Involvements

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Africa Camp: Your Life, Your Story

I truly do not like being sick. This week it has meant that I have had to miss out on one of the highlights of year: Africa Camp: “Your Life, Your Story”. I could not be sadder.
But … it is has also provided me with no choice but to watch from afar – and what I have seen is truly a source of deep encouragement.
Our overriding passion at Life Change Adventures is to see a wave of people catch a vision and acquire the skills necessary to contribute to the promise of change… for a life time!
Let me tell you about Gang and his commitment to the kitchen, or Daniel doing 100’s of dishes, or Scilla tenderly caring for a child one moment and demanding attention from entire camp of 90 people the next, or Meena sitting quietly encouraging a child and speaking truth, or Mana who leaves camp to work until midnight in a fast food restaurant, or Huda who goes about her day encouraging everyone… outstanding! These leaders are willing to do whatever it takes for the good of the entire group. We often say that our youth are easily left behind or ignored, they may not sparkle with the usual trappings of success… but to overlook them is a huge mistake. These youth and young adults will unquestionably be people who will change their world… our world! And we are only just at the beginning.
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Going to Ghana was not just about what I could do in Ghana but really it was more about learning from the work that is already being done there and seeing what I can do here in my community. In Ghana we saw the grave injustices of kids who are forced to live on the street. I experienced first-hand children who slept on a hard concrete median in the middle of a highway, kids who lacked basic nourishment, shelter and healthcare.
The kid in the picture, Patrick, used to be one of those kids. Today thanks to Future of Africa he has a home and is going to school and is working hard to make a better life for himself and those around him. Some stranger’s choice to walk alongside him when no one else would has dramatically impacted his life.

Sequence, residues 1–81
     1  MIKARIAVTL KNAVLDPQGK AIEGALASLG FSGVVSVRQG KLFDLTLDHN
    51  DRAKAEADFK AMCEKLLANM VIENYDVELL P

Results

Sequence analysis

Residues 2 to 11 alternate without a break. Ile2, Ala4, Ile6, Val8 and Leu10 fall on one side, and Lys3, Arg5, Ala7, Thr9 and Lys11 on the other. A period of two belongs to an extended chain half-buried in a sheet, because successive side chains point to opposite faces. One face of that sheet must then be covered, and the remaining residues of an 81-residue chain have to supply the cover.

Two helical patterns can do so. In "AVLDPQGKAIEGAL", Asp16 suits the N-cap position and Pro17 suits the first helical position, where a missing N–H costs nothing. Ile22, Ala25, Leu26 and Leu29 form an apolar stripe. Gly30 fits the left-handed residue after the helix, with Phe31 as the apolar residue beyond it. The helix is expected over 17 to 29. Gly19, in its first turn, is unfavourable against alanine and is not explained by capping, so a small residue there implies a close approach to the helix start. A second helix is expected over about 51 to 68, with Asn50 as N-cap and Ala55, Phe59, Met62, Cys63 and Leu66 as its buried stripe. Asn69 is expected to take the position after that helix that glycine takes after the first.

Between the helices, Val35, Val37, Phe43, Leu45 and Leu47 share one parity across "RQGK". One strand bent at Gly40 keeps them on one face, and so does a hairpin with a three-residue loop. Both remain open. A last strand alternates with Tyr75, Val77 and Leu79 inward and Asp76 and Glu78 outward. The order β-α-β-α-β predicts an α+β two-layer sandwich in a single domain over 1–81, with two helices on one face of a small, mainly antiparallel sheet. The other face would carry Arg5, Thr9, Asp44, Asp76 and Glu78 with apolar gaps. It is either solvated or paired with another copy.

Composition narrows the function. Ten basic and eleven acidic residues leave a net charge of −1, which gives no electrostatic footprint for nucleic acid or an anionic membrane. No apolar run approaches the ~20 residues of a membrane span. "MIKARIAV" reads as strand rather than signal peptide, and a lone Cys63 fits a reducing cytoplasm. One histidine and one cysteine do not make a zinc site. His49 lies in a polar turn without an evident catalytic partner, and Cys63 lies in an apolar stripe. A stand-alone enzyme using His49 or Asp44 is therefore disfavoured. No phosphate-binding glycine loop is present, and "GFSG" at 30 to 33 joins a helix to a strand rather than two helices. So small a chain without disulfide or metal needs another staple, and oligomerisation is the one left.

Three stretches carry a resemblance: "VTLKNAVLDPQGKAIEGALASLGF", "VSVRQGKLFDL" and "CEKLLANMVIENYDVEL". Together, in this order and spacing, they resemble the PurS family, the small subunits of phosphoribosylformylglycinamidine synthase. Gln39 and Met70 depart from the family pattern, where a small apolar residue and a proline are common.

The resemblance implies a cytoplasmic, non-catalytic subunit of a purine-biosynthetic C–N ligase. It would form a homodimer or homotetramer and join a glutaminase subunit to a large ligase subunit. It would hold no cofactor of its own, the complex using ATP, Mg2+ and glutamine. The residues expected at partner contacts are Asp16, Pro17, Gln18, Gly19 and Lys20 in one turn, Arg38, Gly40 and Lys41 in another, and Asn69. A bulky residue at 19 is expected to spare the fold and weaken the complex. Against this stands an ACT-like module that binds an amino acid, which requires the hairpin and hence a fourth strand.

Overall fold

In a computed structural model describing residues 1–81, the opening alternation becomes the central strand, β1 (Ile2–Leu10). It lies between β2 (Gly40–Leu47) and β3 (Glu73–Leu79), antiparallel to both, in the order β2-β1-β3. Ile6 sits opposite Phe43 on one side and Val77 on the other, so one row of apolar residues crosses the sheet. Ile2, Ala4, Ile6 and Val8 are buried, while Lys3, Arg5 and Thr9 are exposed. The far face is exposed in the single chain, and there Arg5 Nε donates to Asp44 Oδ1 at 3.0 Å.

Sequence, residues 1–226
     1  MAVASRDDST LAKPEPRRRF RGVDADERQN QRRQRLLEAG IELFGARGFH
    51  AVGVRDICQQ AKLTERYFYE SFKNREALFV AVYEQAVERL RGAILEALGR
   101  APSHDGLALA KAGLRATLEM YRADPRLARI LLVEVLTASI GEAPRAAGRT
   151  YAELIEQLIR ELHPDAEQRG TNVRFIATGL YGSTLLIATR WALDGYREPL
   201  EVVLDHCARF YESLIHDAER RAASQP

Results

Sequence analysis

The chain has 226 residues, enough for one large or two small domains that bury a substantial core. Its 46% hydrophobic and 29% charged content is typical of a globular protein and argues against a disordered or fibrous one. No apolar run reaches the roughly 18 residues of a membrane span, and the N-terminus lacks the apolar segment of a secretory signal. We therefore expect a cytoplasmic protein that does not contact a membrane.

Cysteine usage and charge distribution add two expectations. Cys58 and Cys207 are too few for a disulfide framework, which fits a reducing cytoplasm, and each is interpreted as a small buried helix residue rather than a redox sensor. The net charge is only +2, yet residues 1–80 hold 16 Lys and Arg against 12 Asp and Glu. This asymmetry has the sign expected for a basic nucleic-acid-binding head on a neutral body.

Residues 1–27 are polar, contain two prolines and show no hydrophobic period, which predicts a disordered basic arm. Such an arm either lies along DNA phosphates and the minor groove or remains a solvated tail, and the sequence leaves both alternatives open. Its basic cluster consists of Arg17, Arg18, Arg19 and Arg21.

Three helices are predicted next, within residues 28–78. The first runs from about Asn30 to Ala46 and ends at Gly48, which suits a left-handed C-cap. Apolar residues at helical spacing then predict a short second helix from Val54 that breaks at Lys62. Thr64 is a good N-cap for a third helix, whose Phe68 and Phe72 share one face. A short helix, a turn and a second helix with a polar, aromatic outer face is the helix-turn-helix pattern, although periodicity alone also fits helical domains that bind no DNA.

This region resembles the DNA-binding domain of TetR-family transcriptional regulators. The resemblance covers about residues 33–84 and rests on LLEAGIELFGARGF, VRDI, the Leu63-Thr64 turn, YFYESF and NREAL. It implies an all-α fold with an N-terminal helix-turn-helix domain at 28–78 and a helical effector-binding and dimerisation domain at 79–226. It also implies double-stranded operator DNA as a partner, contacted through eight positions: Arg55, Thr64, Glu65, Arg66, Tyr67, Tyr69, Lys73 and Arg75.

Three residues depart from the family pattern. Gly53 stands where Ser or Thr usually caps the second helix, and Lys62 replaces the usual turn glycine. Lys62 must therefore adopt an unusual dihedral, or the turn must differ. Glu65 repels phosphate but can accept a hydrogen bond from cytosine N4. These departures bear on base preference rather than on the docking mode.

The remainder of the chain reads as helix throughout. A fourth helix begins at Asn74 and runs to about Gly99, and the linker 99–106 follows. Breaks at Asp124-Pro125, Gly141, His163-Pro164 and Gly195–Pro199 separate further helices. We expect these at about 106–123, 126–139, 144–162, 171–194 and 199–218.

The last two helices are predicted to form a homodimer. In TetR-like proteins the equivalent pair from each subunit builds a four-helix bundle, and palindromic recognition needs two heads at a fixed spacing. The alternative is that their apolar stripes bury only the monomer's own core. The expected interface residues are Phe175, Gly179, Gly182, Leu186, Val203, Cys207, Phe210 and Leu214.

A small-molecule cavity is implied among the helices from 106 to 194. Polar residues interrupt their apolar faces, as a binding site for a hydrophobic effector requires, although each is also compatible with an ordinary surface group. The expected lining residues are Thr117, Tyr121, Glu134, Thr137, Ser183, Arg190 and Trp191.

Yet I find there are those in similar situations who live amongst us in Canada but often go unnoticed. I have friends who have been homeless and slept in tents or truck trailers who have also lacked basic nourishment and healthcare. I have seen those who simply due to a mental illness beyond their control are left without support and ignored by society, much like these street children were.
I wonder what might happen if more of us were to come alongside the forgotten and ignored people in our communities. I hope that by what I learned from the examples of those working in Ghana I might start to impact the lives of the forgotten in my own community.
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Five Fun Days 2017 is here!

A yearly week long dynamic day camp for children ages 5-12 from the North Waterloo community. Created and led by the Sunnydale Connect youth.

August 21st – 25th 2017

1pm – 4pm

Church in the Woods – 209 Bearinger Rd, Waterloo ON

Cost: $12 a child up to a maximum of $30 per family.

To volunteer or register, please contact Scilla at priscilla@lifechangeadventures.org

Five Fun Days 2015

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A Small Closed Wooden Box

 

It was the last place I wanted to be.

Whenever it had come up in conversation, I would always tell people that I had never had to spend a night in the hospital. I would say it with that false sense of pride that comes with believing it had more to do with some exaggerated inner strength than just simple luck.

And yet there I was, in a hospital bed with an I.V drip in my arm, right where I had been for the past four nights. That false sense of pride finally, and rightfully, shattered.

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Running and Reading meets The Korirs